• There is a highly visible representation of the team's progress within a release.
  • Each day, there is a highly visible representation of the team's progress within a sprint. 


Technical Practices

Every successful agile environment requires specific technical practices to work efficiently.

  • Most code is written using test-driven development (TDD).
  • Refactoring is performed whenever needed.
  • Technical debt is made visible to both technical team members and stakeholders.


Quality

The need to assess quality speaks for itself. Without assessing the quality of every project and team, transparency can never fully be met.

  • The product owner and the teamwork together to ensure that each feature has acceptance criteria.
  • All bugs are fixed during the sprint in which they are found.
  • At the end of each sprint, there is little or no manual testing required. 


 

Culture

A huge component of a working and successful Agile environment is culture. Without focusing on the culture aspect there are working parts of the agile process that will be lost.

  • When faced with a situation where scope cannot be met with the allotted resources in the allotted time, the team's initial reaction is to prioritize and explore tradeoffs.
  • The team maintains a steady rate of productivity without being overworked.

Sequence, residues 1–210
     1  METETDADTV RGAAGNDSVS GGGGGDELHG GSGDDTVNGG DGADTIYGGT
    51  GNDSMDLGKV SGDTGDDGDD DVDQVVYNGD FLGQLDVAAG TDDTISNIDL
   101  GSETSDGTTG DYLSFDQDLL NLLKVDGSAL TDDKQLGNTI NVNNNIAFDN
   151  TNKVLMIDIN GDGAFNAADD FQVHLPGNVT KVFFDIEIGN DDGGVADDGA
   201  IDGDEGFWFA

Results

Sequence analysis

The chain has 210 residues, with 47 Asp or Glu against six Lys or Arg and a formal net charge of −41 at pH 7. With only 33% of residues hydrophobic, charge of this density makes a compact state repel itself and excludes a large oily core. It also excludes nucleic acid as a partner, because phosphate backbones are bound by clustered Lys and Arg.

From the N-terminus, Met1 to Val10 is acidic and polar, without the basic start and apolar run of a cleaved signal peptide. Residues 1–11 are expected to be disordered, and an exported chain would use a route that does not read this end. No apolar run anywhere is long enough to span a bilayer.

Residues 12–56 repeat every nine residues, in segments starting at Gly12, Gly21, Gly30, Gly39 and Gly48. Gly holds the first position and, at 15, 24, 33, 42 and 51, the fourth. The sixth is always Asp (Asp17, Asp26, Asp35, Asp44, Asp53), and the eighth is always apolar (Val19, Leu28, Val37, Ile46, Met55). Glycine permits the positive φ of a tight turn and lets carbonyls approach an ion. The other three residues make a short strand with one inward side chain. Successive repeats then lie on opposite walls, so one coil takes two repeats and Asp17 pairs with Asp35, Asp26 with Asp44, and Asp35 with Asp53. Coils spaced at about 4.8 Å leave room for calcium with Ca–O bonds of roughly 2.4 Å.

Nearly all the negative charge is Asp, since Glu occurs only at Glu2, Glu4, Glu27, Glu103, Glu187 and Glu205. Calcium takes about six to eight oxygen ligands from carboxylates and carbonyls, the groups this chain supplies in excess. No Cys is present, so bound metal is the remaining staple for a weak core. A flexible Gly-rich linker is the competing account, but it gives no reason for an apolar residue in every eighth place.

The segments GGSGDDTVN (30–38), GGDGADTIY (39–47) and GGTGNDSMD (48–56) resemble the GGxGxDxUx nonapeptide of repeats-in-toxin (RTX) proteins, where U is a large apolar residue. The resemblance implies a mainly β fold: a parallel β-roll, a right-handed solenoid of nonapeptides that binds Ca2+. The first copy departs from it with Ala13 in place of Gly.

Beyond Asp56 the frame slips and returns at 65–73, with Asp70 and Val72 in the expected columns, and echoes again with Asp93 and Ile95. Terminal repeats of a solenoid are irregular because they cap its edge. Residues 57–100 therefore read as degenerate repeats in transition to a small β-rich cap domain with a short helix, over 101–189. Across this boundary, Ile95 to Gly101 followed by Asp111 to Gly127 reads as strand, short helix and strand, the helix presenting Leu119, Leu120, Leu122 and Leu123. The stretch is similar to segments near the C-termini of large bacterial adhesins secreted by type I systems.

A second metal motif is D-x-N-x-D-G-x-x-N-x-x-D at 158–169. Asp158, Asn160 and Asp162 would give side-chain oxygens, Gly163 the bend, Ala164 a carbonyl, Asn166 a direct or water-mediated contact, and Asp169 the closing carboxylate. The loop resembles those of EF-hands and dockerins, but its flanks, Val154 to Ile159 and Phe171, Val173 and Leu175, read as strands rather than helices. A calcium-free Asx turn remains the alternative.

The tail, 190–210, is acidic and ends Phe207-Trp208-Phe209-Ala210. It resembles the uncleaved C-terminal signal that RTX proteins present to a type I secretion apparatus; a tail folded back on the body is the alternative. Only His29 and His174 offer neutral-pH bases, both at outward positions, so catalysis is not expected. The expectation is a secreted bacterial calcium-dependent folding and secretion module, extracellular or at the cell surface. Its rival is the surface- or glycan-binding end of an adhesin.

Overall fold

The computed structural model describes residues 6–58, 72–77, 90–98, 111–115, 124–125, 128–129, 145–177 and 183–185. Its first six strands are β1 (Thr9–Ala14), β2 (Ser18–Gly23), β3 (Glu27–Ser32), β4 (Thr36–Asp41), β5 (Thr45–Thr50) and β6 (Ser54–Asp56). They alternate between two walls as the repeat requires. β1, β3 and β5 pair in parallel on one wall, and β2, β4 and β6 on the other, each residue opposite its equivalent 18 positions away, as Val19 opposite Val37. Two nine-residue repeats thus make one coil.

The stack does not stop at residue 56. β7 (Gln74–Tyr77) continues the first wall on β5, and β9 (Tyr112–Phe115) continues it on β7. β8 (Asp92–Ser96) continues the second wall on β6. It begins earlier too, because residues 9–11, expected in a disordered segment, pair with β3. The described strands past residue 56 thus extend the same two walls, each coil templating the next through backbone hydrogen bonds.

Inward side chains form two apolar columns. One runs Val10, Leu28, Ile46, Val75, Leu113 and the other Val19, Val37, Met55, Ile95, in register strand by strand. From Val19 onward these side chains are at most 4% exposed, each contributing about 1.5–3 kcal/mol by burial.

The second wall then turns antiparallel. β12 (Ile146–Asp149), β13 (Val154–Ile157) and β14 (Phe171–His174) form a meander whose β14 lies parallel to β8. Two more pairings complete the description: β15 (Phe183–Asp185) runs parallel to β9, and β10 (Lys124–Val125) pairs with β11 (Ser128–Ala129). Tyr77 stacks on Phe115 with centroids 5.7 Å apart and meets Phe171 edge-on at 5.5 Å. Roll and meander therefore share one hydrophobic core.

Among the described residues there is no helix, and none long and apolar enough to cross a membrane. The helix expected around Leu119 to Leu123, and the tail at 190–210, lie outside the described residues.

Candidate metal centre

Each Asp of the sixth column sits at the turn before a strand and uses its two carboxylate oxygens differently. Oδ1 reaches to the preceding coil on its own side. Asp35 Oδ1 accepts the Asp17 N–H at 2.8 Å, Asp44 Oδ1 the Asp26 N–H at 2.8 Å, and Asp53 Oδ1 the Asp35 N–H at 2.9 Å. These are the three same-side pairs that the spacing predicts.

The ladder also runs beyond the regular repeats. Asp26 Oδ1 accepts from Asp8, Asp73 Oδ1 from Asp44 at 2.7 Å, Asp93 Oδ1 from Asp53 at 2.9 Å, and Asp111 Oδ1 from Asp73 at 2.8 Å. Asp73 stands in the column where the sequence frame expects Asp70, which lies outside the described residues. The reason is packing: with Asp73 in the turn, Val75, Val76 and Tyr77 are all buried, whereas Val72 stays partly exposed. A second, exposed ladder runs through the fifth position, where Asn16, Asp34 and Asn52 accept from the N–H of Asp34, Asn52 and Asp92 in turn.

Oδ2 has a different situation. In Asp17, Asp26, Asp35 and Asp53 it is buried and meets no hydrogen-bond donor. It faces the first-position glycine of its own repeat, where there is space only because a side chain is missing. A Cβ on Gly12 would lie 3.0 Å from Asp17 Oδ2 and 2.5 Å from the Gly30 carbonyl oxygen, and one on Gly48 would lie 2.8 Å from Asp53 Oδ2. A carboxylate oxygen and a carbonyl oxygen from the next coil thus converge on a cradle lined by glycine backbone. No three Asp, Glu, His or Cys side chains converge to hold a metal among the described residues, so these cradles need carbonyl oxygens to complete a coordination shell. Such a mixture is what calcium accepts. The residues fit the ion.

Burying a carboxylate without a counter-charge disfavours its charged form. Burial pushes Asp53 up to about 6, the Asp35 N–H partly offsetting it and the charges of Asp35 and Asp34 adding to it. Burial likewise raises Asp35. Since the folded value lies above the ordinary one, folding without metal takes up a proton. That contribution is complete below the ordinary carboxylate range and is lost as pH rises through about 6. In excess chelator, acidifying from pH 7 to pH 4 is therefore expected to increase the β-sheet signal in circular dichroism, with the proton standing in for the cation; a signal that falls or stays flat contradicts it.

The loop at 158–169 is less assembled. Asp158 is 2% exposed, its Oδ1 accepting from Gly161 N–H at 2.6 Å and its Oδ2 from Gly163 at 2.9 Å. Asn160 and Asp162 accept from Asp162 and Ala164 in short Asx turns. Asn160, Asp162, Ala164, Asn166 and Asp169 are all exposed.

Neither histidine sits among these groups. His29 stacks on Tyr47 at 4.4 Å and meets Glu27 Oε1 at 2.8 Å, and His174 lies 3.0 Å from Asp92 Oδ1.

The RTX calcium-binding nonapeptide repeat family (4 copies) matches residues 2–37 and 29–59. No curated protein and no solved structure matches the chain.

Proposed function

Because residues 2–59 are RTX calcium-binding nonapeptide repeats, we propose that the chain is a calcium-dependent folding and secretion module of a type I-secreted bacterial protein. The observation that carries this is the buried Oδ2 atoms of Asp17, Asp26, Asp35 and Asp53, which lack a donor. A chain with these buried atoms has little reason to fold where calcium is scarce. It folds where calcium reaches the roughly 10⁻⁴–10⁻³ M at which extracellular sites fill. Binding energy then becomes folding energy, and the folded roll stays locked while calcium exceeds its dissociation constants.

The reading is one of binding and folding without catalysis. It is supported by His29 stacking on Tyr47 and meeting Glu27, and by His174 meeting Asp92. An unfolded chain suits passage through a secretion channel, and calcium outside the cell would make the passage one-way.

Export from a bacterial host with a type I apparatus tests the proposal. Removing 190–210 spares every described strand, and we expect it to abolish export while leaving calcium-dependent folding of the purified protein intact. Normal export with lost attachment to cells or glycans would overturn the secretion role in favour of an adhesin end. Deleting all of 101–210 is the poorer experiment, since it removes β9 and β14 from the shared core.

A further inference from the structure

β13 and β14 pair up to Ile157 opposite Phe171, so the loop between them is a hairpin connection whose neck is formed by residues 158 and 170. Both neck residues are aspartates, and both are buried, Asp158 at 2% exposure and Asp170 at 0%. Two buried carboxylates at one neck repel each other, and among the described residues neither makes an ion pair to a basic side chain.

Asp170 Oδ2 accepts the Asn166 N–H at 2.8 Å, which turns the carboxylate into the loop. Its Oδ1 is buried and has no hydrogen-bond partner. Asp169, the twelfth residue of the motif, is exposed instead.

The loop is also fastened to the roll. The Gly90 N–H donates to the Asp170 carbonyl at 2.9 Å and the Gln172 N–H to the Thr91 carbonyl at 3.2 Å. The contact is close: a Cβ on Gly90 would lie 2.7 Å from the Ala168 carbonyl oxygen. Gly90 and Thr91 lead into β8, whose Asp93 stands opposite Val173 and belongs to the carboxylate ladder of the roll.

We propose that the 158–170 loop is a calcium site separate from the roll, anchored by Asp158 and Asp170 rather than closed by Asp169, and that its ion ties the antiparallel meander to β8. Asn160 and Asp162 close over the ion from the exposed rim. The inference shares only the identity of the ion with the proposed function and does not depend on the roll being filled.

Inspection/ Adaptation

Assessing our inspection and adaptation efforts is critical in ensuring that our agile environment is a continuous success and growing effort.

  • Sprint reviews are attended by product owners, stakeholders, and team members who provide actionable feedback.
  • The team holds retrospective meetings at the end of each sprint in which the team evaluates how they are doing and discusses how to get better.


You can access our full agile survey through this submission form here!

Wrap Up

The more thorough an agile assessment is the better a team can adapt, pivot, and grow towards more successful project outcomes. At Integrant, we are continuously expanding our agile process and developing new ways to assess our environment and adapt to changes thanks to dedicated scrum masters and team members.

If you’re ready to get on board with the agile transformation lifestyle for your next project, get in contact with one of our experts today to set up a free consultation!